that labour and are heavy laden, and I will give you rest!” Then shall the “fearful looking-for of judgment" be exchanged for that “godly sorrow which worketh repentance unto salvation not to be repented of;" and the terrors of the law shall give place to that inward contrition, which not only God will not despise, but which is the work of his own hands, the first sign of a new and endless life. It is not the terror of the Divine holiness, but the manifestation of the love of God towards us in Christ Jesus, which softens the heart and renews the soul. By this the believer is more and more divested of self, becomes the willing servant of the Lord, and finds his service perfect freedom. He now loves God, and serves him; not in the slavish bondage of fear, much less in the vain endeavour to serve two masters; but from the constraining influence of gratitude ; even as St. Paul could say, “ The love of Christ constraineth us." He performs that which is good, as it were spontaneously, from a vital principle within. Here is an instance wherein, as we may say, liberty and necessity are closely allied to each other. The true believer becomes a captive of love, and yet in this captivity he enjoys the only true liberty. Such are the happy effects of the gospel of peace. The law worketh no such wonders as these. Only where love and grace reign, are the true springs of life and salvation to be found. Only yield yourselves up to the influence of this grace and love, and you will inhale, with every breath, the powers of the world to come, and will be elevated in spirit above the love of the world, and of the things of the world as if a thousand hands were conducting and welcoming you into the beavenly places!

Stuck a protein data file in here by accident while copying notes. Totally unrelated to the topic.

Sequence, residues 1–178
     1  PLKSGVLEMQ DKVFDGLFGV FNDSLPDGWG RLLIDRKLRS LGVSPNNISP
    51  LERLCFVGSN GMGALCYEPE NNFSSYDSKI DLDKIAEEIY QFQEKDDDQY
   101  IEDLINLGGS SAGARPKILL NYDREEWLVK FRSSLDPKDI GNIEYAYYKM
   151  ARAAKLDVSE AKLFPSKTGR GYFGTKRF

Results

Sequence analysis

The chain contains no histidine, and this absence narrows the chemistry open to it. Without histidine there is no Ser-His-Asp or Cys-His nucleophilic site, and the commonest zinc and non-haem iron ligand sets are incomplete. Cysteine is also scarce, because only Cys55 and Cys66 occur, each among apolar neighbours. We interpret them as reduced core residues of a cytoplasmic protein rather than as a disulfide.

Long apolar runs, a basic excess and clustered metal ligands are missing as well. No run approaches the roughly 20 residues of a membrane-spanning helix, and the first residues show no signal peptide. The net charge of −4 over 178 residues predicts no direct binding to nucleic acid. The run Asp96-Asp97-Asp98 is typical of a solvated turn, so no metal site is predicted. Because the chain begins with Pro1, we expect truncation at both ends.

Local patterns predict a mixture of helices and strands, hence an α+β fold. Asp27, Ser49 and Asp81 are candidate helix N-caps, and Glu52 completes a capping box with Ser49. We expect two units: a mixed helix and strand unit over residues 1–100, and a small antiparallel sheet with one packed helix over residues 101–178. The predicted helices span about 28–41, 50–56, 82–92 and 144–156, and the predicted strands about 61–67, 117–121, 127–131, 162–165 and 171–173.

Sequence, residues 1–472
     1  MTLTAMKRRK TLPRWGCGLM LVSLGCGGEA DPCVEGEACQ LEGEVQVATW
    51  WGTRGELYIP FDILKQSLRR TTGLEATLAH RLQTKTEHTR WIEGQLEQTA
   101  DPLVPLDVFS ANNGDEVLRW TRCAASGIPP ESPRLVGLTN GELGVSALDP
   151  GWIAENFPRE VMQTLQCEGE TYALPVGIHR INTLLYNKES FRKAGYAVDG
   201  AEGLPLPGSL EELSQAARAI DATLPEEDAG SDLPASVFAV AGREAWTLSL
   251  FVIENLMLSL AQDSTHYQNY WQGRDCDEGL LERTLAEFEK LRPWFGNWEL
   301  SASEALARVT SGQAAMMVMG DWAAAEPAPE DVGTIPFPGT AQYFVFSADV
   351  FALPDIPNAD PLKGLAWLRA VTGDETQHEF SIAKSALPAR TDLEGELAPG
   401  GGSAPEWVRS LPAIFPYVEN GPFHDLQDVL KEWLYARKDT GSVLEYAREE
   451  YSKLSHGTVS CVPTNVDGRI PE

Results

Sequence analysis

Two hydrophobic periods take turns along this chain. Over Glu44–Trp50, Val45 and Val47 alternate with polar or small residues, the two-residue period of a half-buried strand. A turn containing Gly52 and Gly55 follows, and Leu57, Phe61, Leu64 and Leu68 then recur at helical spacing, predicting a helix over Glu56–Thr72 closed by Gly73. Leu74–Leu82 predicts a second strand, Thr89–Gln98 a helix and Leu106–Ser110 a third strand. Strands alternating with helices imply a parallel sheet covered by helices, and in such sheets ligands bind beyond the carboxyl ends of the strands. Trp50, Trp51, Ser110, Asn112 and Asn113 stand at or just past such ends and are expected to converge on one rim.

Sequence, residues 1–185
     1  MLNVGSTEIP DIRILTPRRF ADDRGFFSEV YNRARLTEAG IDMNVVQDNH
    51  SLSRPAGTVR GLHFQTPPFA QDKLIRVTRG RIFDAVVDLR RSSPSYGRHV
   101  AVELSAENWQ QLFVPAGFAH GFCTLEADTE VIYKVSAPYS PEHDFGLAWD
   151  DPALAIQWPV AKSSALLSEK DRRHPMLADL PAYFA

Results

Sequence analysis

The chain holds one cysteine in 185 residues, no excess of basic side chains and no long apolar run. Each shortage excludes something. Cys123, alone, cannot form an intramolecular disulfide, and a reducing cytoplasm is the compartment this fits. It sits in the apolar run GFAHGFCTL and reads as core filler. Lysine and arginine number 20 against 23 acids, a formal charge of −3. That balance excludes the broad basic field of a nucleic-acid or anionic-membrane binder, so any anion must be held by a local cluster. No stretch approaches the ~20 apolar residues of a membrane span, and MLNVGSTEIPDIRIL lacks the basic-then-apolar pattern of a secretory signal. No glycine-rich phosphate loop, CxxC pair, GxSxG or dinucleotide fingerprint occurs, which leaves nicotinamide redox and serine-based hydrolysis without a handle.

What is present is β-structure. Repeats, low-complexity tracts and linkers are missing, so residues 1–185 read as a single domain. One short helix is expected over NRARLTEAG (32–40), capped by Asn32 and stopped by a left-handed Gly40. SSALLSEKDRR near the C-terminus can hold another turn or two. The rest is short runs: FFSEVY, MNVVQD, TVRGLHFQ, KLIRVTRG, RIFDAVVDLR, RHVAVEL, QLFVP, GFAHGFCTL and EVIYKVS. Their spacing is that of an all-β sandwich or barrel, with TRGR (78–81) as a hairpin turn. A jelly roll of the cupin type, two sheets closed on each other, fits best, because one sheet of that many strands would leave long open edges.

The Scripture repeatedly speaks of A BOOK OF LIFE; and St. Paul notices, Phil. iv. 3, the names of his fellow-labourer Clement and others, as inscribed in that book. It is, as its title imports, a book of life. No judgments are written in it; no sentences of death are recorded. It is full of the promise of life eternal ; and they whose names are written in it never die; they have already passed from death into life; everlasting youth awaits them beyond the grave; and thrones of never-fading glory and joy stand prepared for them in heaven. This book is, in other words, the paternal heart of our almighty and most merciful Father. In this book a number of names are inscribed; that is, a great multitude, which no man can number, are all individually and continually remembered before him; and every one of them is infinitely dear to him, and eternally beloved. They are the names of his people, his chosen, his children, his heirs, being joint-heirs with Christ; and redeemed to himself by the blood of the Lamb. By a mystical union with Christ their Surety, they are bound up in the bundle of life with the Lord their God.' In him, the Beloved, are they made accepted and glorious ; and because he lives, they also live for ever and ever. The book of life is open in heaven. There it is read again and again, and they who read it are never weary of so doing. The Son of man himself sees in it the “travail of his soul, and is satisfied.” This book indicates to the Shepherd his sheep, to the Bridegroom his bride, to the High Priest his redeemed, and to the Prince of peace the people in whose heart is his law. Even to the holy angels is this book opened. They are sent forth to minister unto them who shall be heirs of salvation; for which purpose they must know the names that are written in this book. And continually are they becoming more and more acquainted with it, and increasingly wonder and adore the God of all grace, as they behold the names of those whose sins have been many, and are forgiven.